Acrylic paint is a popular medium for all levels of painters, ranging from the absolute beginner to the well-established professional. Part of what makes it so user-friendly is that it is a water-soluble paint made from a plastic polymer that can be painted on any surface that isn't too greasy or glossy and can be used in a variety of ways - thinly like watercolor, thickly like oil, or mixed with other media.
Paper provides an excellent flexible surface, also called support, to paint on with acrylics. It is portable, light-weight, and relatively inexpensive compared to canvas, linen, and other prepared art boards. Paper is particularly good for small to medium-sized paintings or studies and can also be used for larger paintings when a suitable heavyweight paper is chosen, or when used as part of a series, such as in a triptych. When prepared right, it can accept a wide range of acrylic and mixed media uses.
Paper should be durable to resist tearing from erasure, heavy paint application, sanding, scrubbing, scraping, and other techniques. Paper made from cotton or linen pulp tends to be a stronger and more durable paper than that made from wood, which may contain acids. You might see it labeled "100% cotton" or "100% linen" or "pure cotton rag."
Paper should be heavyweight. You want to choose a heavier weight paper that will not buckle when you use a lot of water or medium with your paint (unless you are doing quick studies and don't care about buckling). We recommend using not less than 300 gsm (140 lb) to avoid buckling. Heavier weights are even sturdier and can be mounted on a board or canvas more easily.
Paper should be acid-free for longevity. The acidity of the paper is an indicator of its archival quality, or how long it will last. You want a pH neutral paper, which means that the cellulose pulp should be pH neutral and any primer used should be free of any chemicals that might cause acidity. High-quality papers will indicate that they are acid-free.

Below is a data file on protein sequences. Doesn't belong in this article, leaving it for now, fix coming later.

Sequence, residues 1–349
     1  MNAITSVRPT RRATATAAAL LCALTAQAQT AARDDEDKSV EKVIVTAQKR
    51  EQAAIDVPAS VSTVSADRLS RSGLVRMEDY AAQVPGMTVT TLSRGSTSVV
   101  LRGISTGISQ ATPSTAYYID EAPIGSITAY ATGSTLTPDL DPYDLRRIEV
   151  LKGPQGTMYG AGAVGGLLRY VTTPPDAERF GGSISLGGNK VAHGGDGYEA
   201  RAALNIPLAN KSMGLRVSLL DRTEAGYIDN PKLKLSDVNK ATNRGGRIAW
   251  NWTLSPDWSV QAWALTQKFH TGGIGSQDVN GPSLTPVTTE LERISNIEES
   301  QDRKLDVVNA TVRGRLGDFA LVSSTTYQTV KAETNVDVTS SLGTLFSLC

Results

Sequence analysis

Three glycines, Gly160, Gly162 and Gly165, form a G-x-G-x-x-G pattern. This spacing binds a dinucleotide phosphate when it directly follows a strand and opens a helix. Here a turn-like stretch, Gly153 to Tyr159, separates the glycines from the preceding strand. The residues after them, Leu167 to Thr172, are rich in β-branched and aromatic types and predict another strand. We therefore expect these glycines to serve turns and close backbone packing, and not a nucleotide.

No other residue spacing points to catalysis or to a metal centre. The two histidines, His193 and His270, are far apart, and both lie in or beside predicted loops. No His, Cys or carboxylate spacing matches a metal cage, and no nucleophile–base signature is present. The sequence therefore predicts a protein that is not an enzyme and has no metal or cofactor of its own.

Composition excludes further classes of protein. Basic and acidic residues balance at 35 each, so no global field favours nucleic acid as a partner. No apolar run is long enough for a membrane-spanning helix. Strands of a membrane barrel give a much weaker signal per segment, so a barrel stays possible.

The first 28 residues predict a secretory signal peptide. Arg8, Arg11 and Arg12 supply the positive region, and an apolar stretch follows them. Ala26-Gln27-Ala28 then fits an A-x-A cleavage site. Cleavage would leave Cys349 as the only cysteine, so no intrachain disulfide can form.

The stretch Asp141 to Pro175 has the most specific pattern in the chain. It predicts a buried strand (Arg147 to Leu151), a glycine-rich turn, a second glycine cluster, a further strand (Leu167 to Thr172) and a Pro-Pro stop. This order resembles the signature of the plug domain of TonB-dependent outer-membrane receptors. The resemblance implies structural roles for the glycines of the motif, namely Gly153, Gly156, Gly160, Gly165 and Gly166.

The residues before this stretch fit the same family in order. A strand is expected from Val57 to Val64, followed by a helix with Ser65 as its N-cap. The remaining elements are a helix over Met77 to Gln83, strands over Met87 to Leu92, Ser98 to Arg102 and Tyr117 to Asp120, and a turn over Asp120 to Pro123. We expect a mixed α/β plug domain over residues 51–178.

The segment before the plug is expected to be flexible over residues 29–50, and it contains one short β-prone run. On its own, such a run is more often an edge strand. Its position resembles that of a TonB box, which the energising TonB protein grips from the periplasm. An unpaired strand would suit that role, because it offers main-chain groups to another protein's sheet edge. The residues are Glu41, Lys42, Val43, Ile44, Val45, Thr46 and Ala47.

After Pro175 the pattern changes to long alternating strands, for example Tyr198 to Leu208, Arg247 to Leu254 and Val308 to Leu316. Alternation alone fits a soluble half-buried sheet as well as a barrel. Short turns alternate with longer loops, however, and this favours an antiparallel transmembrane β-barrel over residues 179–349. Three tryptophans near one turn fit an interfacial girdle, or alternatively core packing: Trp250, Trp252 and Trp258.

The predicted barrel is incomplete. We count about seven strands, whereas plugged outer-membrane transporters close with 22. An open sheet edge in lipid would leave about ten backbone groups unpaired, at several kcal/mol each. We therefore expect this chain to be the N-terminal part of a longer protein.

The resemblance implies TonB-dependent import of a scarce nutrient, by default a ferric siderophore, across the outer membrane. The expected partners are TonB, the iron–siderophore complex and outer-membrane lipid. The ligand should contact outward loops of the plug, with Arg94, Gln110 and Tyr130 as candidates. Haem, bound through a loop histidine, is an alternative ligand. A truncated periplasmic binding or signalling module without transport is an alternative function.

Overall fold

Paper should not discolor with age. Papers that contain acidic components are prone to yellowing, discoloration, and become brittle with age. These papers are less expensive papers such as regular copy paper, brown wrapping paper, newsprint paper, etc.
Paper should not be glossy, oily, or too smooth. Paper comes in different textures. It needs to have enough tooth, or surface texture, to absorb the pigment. There are different roughnesses of paper available in watercolor papers - cold pressed watercolor paper is generally rougher and has more tooth while hot pressed paper is smoother. Smooth paper allows your brush to glide easily along the surface, and is good for fine detailed work, but may not absorb the paint as well. Rougher, more textured paper is good for loose, expressive work and for "happy accidents" of textural detail. There are also papers that mimic the textures of canvas, such as Canson Foundation Canva-Paper Pads and Winsor & Newton Galeria Acrylic Colour Paper Pad.
As long as you've chosen a high quality, acid-free paper, you can paint acrylic directly onto the surface of the paper and be assured that your painting will be of archival quality. When painting with acrylic you do not need to prime the paper first since the paint, a plastic polymer, will not damage the paper. However, the paper will still absorb some of the moisture and pigment from the initial layers of paint. (This is true even though the most high-quality paper is treated with surface sizing for water resistance) So if you want the paint to glide on more smoothly at first we recommend applying at least two coats of acrylic gesso before painting.
If you are using a paper that is not acid-free you should gesso both sides of the paper to seal it before beginning to paint. If you prefer a clear sealer you can also use a matte gel or medium to prime both sides.
You can paint on many different surfaces with acrylic paint. While good quality acid-free papers are the best for archival purposes, don't be afraid to try out other papers as well. You never know what you might discover and enjoy.